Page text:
But I also felt appalled that our government continues to enforce Direct Provision for years on end on people seeking asylum on our shores. What my friend has endured should never have been endured, and could very easily have been avoided. All it takes is one A4 page. A letter. A letter that determines the outcome of years of waiting. As the song came to an end I thought of Vicky Khokhar, who danced on the Abbey Theatre stage across from the pub we were in as part of Jimmy’s Hall Today, before going to the airport to be deported. A nurse from Pakistan, he had been in Direct Provision for three years, volunteering five days a week at a nursing home, but his application for asylum was denied. He was deported.
Back in the Pipers Bar, the song ended, and as me and my friend said goodbye I boarded the crowded Luas, full of people on a Thursday evening. Full to the brim with people going places, people with worries and schedules and craic and lives lived. And as the Luas departed Abbey Street, I thought of the 4,500 men, women and children still waiting in a state of stasis in Direct Provision centres across Ireland. Waiting for that letter. For the letter to arrive, at some point, that will grant them leave to live.
The next performance in the development of Displace by Belltable Artist in Residence Katie O’Kelly will take place in Belltable on Thu, 13th December 2018. Click to book tickets.
This past September Belltable:Connect began its playwriting club in Belltable Hub, led by artist in residence Katie O’Kelly. The group consists of local Limerick playwrights who discuss work and current projects, share ideas and problems, and try to use their shared knowledge to help each other. Writer Paul McNamara shares his thoughts on participating in the playwriting club.
Being a writer can often be a bit of a lonely job at times. Having the opportunity to share with others and get ideas out of your head in the early stages of the writing process can be of great benefit. Getting to meet with other writers once or twice a month, all of whom are writing and excited about new work, makes the process more sociable and fun.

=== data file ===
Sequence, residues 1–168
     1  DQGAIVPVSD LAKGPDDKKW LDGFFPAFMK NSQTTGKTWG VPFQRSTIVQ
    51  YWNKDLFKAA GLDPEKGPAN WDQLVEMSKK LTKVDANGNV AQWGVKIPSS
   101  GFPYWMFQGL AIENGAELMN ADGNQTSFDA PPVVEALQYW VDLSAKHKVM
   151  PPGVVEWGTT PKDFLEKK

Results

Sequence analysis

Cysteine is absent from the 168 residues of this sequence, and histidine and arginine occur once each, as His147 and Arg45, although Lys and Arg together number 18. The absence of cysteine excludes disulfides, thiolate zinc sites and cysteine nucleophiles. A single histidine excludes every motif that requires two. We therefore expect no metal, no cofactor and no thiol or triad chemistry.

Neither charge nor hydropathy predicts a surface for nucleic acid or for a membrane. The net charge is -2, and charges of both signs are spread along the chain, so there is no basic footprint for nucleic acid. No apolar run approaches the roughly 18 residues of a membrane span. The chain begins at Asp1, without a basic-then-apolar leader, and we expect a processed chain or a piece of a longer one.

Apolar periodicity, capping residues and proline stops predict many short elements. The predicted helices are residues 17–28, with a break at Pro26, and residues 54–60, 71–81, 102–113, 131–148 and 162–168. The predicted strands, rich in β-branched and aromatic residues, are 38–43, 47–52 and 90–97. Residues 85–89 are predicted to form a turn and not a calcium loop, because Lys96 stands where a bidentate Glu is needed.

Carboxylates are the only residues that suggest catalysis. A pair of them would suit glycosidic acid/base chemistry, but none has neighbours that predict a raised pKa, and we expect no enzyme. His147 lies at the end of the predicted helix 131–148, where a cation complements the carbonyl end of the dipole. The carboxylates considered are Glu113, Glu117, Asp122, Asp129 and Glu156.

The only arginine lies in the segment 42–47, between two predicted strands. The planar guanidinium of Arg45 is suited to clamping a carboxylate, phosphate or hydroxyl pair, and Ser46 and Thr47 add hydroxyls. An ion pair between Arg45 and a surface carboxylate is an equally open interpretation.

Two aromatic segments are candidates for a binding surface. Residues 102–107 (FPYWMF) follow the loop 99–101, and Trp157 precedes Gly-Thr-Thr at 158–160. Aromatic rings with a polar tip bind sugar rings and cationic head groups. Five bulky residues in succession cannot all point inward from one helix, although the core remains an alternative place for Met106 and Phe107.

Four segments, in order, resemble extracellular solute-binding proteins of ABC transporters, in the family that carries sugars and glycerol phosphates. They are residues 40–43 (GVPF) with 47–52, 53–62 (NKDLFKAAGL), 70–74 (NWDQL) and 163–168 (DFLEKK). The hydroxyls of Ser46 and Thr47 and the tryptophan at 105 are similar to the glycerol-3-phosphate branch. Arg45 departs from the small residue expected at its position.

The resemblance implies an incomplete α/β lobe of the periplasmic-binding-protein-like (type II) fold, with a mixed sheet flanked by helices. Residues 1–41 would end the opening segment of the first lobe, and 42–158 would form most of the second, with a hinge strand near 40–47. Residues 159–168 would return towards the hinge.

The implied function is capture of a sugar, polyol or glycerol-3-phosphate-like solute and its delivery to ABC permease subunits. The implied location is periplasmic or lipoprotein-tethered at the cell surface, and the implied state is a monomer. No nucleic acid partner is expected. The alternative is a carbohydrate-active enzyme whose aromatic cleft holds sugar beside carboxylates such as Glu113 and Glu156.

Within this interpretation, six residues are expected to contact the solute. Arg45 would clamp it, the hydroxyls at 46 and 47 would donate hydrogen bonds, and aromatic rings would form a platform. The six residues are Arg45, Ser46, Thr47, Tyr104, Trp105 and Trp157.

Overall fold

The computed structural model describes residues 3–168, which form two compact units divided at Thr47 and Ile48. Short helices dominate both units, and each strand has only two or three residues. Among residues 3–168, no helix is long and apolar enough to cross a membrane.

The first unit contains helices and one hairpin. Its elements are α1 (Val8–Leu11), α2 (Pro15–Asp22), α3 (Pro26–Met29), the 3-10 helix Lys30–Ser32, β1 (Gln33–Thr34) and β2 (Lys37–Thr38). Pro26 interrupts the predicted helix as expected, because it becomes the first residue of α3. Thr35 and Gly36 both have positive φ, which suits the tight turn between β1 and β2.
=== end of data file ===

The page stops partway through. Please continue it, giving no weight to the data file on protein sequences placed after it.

Using the wealth of experience in the room to overcome any problems is a great resource. Also, helping to solve other people’s problems or discussing different aspects of writing and theatre often inspires new ideas too.
At Belltable:Connect Playwriting Club everyone’s ideas and projects are at different stages of the process. This gives the meetings a sense of variety. One minute the group can be discussing how to fine tune a script getting ready for production, another moment we can be nurturing the seeds of a new idea. Not being stuck in one stage of development makes it all seem much more fluid and enjoyable. (This is also helped by the snacks provided)
Attendance at each meeting is always a little different as theatre people follow the lives of theatre schedules giving a constant flow of new ideas and perspectives. I have gotten the opportunity to get a lot of valuable feedback on my own new play which I am hoping to put on early next year and have gotten great advice from people on different ways to approach certain scenes and characters and ideas for staging.
An old army barracks. A disused hotel. A former convent school for girls.
This motley collection of buildings, each constructed with very different purposes and each with stories from their various pasts, have now diverged into a connected present. They have been repurposed from their former lives, transformed into a new function. They are now Limerick’s Direct Provision centres, scattered across the county from Foynes to the city centre to Knockalisheen.
I visited all three centres on one very hot day last week. My sunburnt arm from hanging it out the car window is testament to my Limerick odyssey-of-sorts. The mission was to put notices up in each of the three centres, inviting residents in Direct Provision to an open dress rehearsal of the Abbey Theatre’s production of Jimmy’s Hall, which opened in the Lime Tree Theatre earlier this week. It is the story of Jimmy Gralton, the socialist who built a little dancehall in a field in Leitrim and refused to hand control of it over to the Church. For this he was subsequently deported by DeValera’s government as an “undesirable alien”, despite being born in Effrinagh, County Leitrim in 1886. It is a story with the struggle for justice, freedom and equality at its core, and a community’s fight against an unjust deportation. Not a million miles away from the stories and experiences of many currently living under threat of deportation in Direct Provision right now.